Full Circle

  1. Some patients will impact our careers in profound ways. Some will make a complete and closing circle in our careers, watching their struggle beginning to end. These patients shape us as providers.

    Full Circle

    You were one of my very first patient assignments I had fresh out of nursing school about two years ago. You taught me that behind the assignment was a person. With you I learned my first lessons in humility and compassion. As a stressed out new graduate on a postoperative unit it was hard at times to view patients beyond the assignment, beyond the task, beyond the pathology.


    You were a scared and anxious patient. At first I perceived it as stubborn and noncompliant with the medical treatment.
    I learned that listening closely, staying in the room even 30 seconds longer, and holding someone's hand can make all the difference.


    I remember how you insisted I give you a warning before flushing your PICC line because the taste of saline made you so nauseated! I remember how you used to eat a cherry sour with every flush. Drawing blood and flushing the line and giving you an IV push medication was always an ordeal. It annoyed me at the time but I began to realize that this wasn't about my feelings but about your comfort.


    Each time you came back to our unit you came back sicker and sicker. Your demands became less and less frequent ... and funny enough I missed your quirky demands that once used to annoy me.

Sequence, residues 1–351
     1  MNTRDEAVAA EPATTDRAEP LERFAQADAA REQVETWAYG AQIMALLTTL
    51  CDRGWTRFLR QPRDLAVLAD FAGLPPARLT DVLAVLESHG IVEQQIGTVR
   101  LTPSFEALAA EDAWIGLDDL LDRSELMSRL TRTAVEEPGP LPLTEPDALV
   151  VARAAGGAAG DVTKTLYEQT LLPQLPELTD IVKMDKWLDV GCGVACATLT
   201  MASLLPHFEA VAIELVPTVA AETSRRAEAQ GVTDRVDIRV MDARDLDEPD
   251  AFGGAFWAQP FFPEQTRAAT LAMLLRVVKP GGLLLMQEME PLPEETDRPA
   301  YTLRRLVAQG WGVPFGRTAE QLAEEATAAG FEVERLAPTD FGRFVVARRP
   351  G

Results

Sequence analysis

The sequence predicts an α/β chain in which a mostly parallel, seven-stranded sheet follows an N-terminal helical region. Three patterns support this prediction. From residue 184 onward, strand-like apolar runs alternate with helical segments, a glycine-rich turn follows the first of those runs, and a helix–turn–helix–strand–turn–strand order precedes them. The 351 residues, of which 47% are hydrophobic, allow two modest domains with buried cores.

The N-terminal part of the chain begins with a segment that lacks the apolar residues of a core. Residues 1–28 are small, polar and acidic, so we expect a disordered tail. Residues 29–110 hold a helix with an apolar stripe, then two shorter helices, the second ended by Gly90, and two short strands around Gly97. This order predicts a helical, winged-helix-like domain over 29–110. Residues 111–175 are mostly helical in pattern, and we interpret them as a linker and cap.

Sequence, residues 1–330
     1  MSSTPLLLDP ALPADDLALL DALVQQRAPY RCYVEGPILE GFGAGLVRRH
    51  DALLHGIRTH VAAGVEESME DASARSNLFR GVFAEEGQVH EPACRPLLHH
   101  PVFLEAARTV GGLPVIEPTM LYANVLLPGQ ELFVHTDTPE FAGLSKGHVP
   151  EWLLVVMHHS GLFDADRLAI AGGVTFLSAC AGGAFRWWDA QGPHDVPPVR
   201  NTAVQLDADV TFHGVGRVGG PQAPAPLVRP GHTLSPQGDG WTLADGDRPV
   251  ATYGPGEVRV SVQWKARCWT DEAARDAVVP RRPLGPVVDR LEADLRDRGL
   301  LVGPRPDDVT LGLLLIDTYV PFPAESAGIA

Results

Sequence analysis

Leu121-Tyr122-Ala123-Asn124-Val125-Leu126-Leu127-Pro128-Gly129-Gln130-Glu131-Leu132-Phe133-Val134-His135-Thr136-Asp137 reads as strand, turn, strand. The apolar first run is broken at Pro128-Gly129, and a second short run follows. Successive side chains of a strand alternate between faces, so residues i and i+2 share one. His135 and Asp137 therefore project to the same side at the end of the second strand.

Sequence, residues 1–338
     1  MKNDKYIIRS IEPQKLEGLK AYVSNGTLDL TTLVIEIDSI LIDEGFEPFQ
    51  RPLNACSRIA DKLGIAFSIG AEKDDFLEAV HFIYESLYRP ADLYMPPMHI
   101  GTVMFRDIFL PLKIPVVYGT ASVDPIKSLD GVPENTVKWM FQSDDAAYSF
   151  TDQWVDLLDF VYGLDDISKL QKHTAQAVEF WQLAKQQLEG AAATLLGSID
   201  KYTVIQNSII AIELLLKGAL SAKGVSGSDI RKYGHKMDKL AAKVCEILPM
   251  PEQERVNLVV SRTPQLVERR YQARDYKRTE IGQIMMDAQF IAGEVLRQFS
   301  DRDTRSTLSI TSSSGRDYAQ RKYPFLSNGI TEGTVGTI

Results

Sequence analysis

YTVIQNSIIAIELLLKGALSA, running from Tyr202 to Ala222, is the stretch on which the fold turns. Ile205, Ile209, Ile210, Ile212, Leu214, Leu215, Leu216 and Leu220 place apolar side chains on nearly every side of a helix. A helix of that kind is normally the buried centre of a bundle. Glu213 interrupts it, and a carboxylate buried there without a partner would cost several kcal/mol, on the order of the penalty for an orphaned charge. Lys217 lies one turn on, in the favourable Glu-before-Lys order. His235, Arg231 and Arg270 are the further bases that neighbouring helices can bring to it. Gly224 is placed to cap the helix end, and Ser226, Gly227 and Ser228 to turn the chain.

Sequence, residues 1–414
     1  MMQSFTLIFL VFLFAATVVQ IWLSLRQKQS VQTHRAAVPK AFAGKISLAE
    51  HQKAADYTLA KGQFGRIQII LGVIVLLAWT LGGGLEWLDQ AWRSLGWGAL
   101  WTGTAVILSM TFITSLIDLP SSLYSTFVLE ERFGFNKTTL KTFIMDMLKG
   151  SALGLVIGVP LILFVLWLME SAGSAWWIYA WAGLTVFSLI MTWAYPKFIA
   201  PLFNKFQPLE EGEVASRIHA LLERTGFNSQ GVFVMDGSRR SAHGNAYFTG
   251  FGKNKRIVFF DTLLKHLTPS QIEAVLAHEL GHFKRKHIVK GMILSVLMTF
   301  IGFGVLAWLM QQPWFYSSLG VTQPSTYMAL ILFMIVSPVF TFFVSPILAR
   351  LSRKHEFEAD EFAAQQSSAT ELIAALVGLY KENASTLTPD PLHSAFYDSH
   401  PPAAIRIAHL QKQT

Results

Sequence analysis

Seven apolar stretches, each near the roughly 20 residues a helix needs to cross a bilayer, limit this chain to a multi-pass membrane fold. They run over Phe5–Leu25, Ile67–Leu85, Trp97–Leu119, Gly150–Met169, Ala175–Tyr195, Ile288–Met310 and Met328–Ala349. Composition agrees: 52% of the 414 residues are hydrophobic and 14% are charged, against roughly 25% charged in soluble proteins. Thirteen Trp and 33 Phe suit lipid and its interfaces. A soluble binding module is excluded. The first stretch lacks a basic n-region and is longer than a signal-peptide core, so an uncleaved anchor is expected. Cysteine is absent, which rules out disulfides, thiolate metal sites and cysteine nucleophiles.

I knew these were signs you were getting sicker. Your hair began to thin, your generalized color was pale, your weight had dropped drastically. Your once loud and diva-like voice was lost in the midst of this illness.


    Months went by... I had not seen you anymore because I had moved on to the ICU.


    Until one day you became my patient again.


    The page came in from the executive nursing officer.


    "52 year old female respiratory distress history of PE to room 22" No name was provided so naturally I did not know this was you.


    And as we rolled you into the room and on to the ICU bed I recognized your face. Except this time it seemed so lifeless. So skeletal. Could this really be you?


    Then it happened, you began to code. You coded immediately after transferring you from bed to bed. I still remember the feeling of the compressions against your tiny frail body. You were but 5ft 2 inches in height. Frail and skeletal. No fat whatsoever on your body. No muscle either. Wasted away by disease. It felt grotesque, as any compressions usually do. I remember catching a glimpse of the people of whom I used to once work with outside the hall. My former coworkers, the floor nurses that brought you down to me.